Senior investment bankers will see a 10 per cent decline in compensation from last year, hurt by fewer financings and a decline in mergers-and-acquisitions activity, according to Vlaad & Co. Junior investment bankers will see little change in their payouts following three years of increases, while those in sales, trading and research will see compensation fall 15 per cent to 25 per cent, and fixed-income employees will face a similar decline, the firm said.
Bankers serving Alberta’s energy firms have had a miserable year, while mining also has been tough for most firms. Those working with diversified industries will see little change or a slight drop from prior years, while bankers in real estate and infrastructure may see some gains, according to Vlaad & Co.
“We now see the marketplace is on an aggressive readjustment of compensation, and it’s going to continue this way for the next three to five years,” Bill Vlaad said in an interview.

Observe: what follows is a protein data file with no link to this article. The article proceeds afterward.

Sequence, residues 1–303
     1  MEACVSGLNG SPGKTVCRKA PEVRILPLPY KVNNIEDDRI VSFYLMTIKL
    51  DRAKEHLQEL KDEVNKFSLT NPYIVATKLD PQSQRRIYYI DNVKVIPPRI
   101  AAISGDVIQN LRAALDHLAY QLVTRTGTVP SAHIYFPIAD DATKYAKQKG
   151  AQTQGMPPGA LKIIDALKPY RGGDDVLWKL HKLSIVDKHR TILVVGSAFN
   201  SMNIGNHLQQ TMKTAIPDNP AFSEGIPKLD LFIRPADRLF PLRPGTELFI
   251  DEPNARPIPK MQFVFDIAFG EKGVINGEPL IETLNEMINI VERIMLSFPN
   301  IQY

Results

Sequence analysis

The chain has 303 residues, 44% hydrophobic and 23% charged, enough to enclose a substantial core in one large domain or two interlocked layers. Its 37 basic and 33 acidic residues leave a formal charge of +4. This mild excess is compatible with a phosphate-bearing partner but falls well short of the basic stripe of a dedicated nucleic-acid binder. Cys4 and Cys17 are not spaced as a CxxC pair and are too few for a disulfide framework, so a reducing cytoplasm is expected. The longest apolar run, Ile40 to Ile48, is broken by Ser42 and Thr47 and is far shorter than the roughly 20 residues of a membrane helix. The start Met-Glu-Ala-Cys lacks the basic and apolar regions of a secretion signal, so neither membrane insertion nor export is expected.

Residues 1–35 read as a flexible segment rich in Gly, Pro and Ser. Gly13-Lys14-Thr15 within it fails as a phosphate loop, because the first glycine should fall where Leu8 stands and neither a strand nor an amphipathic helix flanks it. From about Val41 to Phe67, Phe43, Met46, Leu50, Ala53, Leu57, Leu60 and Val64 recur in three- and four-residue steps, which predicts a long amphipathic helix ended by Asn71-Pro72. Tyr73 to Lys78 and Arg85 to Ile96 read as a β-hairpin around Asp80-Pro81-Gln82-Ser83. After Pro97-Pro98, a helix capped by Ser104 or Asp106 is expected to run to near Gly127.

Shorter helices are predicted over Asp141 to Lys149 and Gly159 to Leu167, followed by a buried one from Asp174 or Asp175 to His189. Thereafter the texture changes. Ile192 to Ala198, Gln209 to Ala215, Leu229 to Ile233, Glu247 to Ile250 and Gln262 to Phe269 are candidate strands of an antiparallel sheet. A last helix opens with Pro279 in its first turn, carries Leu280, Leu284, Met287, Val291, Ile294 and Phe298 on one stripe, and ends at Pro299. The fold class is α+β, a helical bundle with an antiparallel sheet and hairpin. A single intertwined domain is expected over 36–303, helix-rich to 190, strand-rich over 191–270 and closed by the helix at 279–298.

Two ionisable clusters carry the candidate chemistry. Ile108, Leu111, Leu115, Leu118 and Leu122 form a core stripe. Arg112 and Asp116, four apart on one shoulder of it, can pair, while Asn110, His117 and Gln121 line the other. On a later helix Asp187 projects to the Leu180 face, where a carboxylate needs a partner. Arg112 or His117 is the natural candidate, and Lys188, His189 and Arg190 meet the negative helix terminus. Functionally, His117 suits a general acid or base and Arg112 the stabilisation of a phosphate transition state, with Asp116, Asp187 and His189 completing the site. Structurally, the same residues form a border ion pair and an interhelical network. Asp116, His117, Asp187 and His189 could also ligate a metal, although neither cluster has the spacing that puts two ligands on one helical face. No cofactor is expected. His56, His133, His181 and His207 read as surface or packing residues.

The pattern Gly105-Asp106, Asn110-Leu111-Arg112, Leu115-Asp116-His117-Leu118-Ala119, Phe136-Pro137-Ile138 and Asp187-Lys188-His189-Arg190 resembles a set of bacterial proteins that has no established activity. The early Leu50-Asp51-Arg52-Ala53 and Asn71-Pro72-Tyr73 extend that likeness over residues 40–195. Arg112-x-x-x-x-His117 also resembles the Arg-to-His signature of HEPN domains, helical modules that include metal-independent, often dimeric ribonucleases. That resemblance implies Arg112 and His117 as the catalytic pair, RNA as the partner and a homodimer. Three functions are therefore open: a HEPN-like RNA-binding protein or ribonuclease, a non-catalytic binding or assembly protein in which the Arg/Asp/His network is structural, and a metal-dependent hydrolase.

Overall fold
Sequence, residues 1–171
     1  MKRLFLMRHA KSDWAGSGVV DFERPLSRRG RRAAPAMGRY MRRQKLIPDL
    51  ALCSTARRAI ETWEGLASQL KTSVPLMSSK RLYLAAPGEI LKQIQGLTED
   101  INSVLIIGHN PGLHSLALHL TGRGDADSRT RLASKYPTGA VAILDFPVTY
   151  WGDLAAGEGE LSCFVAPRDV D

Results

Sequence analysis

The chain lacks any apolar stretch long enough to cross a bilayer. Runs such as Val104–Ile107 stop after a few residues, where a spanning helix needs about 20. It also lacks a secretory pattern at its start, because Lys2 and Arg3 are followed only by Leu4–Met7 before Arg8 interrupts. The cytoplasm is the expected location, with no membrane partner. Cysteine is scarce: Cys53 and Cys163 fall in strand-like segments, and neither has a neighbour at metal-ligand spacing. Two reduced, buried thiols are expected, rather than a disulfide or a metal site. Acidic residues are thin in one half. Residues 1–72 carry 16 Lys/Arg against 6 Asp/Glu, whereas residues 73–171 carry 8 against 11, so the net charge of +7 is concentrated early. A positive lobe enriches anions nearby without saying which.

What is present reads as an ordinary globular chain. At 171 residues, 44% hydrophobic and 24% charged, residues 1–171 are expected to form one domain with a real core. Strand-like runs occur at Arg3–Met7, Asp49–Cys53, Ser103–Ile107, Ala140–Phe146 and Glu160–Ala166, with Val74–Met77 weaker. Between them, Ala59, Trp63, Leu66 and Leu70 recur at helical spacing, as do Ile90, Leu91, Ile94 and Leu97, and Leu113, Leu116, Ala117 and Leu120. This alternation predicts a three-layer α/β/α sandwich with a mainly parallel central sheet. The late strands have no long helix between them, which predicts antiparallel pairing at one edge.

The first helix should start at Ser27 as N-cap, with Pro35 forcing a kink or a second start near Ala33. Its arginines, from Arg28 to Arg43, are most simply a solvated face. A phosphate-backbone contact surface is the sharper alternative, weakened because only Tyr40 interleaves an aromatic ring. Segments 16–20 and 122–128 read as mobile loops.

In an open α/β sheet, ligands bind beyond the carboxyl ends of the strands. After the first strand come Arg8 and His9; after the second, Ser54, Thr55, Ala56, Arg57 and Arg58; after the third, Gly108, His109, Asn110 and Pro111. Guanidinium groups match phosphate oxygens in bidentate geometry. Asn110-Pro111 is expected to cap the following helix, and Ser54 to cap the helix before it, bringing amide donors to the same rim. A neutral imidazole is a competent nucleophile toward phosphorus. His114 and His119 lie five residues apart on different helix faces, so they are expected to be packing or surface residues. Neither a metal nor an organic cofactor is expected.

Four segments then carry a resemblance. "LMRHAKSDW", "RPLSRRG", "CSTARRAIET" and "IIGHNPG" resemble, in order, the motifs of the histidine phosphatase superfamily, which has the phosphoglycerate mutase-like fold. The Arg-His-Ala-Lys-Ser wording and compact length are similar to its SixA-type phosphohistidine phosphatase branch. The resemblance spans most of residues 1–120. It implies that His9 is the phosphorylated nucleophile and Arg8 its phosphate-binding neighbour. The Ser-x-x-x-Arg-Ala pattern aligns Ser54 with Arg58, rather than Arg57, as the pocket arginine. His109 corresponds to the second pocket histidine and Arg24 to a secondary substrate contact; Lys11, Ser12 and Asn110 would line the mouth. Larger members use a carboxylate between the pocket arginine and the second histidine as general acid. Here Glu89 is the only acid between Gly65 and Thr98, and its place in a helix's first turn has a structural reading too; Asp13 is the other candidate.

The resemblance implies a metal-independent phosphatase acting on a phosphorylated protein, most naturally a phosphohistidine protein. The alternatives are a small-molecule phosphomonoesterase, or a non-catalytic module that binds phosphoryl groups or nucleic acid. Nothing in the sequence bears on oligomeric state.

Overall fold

Here’s a breakdown by bank:
Royal Bank of Canada, the country’s largest lender by assets and home to its biggest capital-markets division, set aside $5.71 billion for variable compensation, with the 1.9 per cent increase the smallest in three years.
The payouts are tied in part to the “ebb and flow” of markets-related businesses, with stronger equity markets helping lift wealth management and lower capital-markets fee pools hurting those operations, Royal Bank Chief Financial Officer Rod Bolger said in a phone interview. Compensation is also a component of competitiveness in terms of attracting, engaging and retaining talent, he said.
“Employees are paid both on personal performance and the performance of the business or function they work for, and a part of RBC results overall,” Bolger said. “We pay appropriately -- the results speak for themselves.”
Toronto-Dominion Bank, Canada’s second-largest lender, set aside C$2.72 billion for incentive compensation, with its 5.1 per cent increase the smallest since 2013. After accounting for additional full-time employees -- up 5.5 per cent from a year ago -- as well as acquisitions and foreign-exchange considerations, CFO Riaz Ahmed said there may be little change from a year earlier.